Deuteronomy chapter four is one of the great touchstone passages in all of Scripture. As we come to this passage, my heart and soul are absolutely struck by the question–a rhetorical question, but a very real question–asked in verse 33: “Has any people heard the voice of the Lord, the voice of God speaking from the midst of the fire, and survived?”
What brings us here? What brings us to this institution, to this campus, to this hour, ready for learning and study? Something summons us here. There is some mandate, some basis, some foundation. This is a theological seminary and college. We dare to speak of God. We even dare to define what we do here as Christian education. What an audacious claim! We actually say that here we teach what God has taught.
This would be a baseless and foundationless claim, an incredible claim, if God had not spoken from the midst of the fire and allowed us to hear. On what authority are we here? To dare to speak of these things, we must speak invoking the authority of God, who alone could speak these things, reveal Himself, and tell us what we must know. This is the answer to the question that haunts the postmodern mind–on what basis can we claim to know anything?
The great philosophical crisis of our day is an epistemological crisis. It is a crisis of knowing, a crisis of knowledge. In particular, it is a challenge for Christianity and for the Christian thinker, the Christian theologian, the Christian minister, the Christian preacher, and the Christian institution. How do we know what we claim to know? How dare we teach what we dare to teach? As Francis Schaeffer understood well, and he took the answer as the title of his most significant contribution: We speak because He Is There and He Is Not Silent.
I first read that book as a sixteen-year-old, and to be honest, I think the greatest assurance I got from it is that some smart person believed in God. Even at that age, however, and lacking the vocabulary to understand what I was experiencing, I understood the epistemological crisis. How do we know anything? How can we speak of anything? And furthermore, how do we jump from the empirical knowledge of what we can observe to speaking of God whom we cannot see? To claim knowledge in terms of empirical and scientific observation and study and phenomenology is audacious enough. But to speak of the immortal invisible God only wise–that is a new leap of audacity altogether. Dr. Schaeffer understood the epistemological problem of silence, the claim and the implication that we can know nothing. And he understood that there is only one epistemological answer–revelation. Thus Christianity depends upon a Christian epistemology or a Christian theory of knowledge that is based in revelation alone.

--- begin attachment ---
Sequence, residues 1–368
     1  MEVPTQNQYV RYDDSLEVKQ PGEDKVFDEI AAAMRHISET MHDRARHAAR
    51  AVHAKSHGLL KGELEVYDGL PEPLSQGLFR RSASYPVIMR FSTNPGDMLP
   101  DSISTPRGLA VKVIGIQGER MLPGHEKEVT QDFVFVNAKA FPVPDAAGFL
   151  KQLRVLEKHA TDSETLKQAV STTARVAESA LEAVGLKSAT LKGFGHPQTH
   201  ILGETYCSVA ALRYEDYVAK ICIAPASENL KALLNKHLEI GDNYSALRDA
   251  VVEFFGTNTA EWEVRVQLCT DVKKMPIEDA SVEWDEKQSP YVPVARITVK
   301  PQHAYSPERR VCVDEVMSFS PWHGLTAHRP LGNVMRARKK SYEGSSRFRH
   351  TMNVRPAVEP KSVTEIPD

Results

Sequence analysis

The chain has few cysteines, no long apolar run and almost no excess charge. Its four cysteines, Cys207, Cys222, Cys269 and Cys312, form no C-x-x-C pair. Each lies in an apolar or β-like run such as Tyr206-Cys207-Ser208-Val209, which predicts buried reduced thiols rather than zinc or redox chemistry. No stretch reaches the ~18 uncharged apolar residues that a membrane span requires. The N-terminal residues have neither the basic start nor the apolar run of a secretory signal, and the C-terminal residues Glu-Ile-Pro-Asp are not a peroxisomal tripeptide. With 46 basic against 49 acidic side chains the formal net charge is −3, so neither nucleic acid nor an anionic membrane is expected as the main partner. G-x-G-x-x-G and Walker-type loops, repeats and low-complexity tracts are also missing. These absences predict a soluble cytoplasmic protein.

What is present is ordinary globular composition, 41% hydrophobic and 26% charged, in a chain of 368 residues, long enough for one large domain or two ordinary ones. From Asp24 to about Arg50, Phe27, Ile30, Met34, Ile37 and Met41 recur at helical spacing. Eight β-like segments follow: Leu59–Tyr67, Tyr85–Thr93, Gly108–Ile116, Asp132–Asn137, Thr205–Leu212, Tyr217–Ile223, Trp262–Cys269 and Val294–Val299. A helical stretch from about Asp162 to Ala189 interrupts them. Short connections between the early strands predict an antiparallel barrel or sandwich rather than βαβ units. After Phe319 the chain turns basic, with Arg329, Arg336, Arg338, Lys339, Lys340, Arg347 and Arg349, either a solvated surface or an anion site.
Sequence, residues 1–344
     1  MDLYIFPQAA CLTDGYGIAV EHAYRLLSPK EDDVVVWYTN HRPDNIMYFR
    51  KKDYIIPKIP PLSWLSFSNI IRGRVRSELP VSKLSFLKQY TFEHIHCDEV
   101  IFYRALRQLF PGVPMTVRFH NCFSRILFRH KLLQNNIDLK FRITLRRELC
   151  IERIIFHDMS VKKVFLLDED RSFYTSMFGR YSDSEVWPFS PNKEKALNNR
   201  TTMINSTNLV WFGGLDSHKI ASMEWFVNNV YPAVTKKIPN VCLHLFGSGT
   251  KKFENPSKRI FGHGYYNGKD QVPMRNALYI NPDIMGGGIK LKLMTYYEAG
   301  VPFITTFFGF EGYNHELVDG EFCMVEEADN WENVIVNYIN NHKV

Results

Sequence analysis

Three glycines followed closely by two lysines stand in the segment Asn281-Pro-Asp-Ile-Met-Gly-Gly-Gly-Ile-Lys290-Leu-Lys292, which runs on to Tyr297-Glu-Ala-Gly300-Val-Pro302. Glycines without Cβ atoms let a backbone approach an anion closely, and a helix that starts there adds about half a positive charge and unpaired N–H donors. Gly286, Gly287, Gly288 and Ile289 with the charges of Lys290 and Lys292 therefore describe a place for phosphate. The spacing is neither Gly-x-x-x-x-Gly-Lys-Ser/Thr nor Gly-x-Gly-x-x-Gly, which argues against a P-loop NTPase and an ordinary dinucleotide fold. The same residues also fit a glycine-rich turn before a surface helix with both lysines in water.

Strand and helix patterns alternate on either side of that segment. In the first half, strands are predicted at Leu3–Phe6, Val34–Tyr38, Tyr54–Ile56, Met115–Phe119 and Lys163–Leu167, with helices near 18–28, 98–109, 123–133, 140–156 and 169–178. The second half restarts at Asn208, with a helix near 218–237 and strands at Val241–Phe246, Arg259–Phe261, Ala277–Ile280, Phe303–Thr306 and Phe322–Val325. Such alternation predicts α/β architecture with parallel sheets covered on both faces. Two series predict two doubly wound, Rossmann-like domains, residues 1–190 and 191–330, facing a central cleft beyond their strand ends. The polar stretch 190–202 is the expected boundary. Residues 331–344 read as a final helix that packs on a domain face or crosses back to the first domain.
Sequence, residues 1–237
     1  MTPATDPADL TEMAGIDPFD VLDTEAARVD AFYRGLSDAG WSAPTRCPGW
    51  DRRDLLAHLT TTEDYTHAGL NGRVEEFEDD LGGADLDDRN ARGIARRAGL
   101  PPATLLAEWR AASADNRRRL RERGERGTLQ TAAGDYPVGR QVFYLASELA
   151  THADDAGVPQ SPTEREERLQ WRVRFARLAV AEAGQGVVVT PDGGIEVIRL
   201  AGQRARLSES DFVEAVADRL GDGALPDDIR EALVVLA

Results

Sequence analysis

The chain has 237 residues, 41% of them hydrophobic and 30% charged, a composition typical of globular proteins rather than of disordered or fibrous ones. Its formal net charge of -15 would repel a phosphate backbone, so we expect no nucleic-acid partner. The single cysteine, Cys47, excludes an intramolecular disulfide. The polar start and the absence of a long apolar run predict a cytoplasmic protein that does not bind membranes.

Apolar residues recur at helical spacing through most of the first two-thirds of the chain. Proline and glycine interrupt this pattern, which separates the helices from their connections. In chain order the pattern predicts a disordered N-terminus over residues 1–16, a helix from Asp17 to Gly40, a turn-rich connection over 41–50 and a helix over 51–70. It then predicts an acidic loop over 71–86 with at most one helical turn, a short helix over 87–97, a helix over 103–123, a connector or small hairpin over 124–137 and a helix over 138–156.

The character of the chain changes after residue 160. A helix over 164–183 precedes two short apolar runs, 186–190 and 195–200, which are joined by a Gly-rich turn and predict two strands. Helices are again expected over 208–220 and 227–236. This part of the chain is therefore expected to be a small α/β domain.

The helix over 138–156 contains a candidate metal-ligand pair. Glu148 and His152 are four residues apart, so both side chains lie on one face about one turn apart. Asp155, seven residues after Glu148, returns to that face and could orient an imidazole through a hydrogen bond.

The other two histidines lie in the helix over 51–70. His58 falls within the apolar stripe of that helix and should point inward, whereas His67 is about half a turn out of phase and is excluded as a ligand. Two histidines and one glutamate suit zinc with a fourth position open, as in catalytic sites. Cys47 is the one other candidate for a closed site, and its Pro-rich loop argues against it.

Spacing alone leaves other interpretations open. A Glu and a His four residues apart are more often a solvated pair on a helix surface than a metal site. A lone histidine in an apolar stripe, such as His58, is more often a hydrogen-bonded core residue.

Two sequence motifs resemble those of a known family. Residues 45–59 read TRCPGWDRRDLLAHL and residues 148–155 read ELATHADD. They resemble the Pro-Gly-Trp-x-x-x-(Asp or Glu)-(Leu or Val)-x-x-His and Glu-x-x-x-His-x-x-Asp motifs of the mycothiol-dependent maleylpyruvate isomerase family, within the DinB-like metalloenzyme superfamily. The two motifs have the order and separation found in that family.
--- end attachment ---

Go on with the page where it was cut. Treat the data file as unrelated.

There is no greater challenge than this–to make certain that we know on what authority we speak, and that we know on what authority we know. In Deuteronomy chapter four, Israel is reminded of the authority by which they live. They are reminded that they heard the voice of God speaking from the midst of the fire and survived.
This great sermon, of course, comes at the conclusion of the introductory section to Deuteronomy. It begins and ends with a parallel structure, and in the middle is a large section reflecting the form of a suzerainty treaty, an Ancient Near Eastern convention whereby a conqueror sets down the terms of surrender. In this case, of course, the conqueror is none other than the Lord God Jehovah, the conquered is none other than His own chosen nation, Israel. God sets down the terms, and they are very easy to understand. It comes down to a very simple formula: hear and obey and live. Refuse to hear, disobey, and bear the wrath of God.
In this tremendous sermon, God speaks through His servant and prophet Moses. Looking back to the covenant at Horeb, obedience equals blessing, and disobedience equals cursing. This generation ought to know that. For this is the generation that survived, that was kept alive, through forty years of wandering in the wilderness. They had witnessed the death of their own parents because they disobeyed and did not trust the Lord. And now as the children of Israel are being prepared for the conquest of the Holy Land, they are reminded that they heard the voice of God speaking from the midst of the fire and survived. As the Lord is preparing this new generation, we find in this sermon exhortation and memory mixed together–the memory of God’s great saving work in bringing Israel out of captivity to Pharaoh in Egypt, and the great work of God in keeping the children of Israel alive through the forty years of wandering in the wilderness.
We call this book Deuteronomy–deutero nomos–the second giving of the law, because in the very next chapter we will confront again the Ten Commandments. The theme is very clear. Israel, in terms of its elect status, is the chosen nation of God, and that special status is represented in Torah, in this word, this law, even in these Ten Words. The central truth is that the Lord God spoke to His people, and they heard, and they survived. Moses says, “Remember the day you stood before the Lord your God at Horeb, when the Lord said to me, ‘Assemble the people to Me, that I may let them hear My words so that they may learn to fear me all the days they live on the earth, and that they may teach their children.’ You came near and stood at the foot of the mountain, and the mountain burned with fire to the very heart of the heavens: darkness, cloud, and thick gloom.”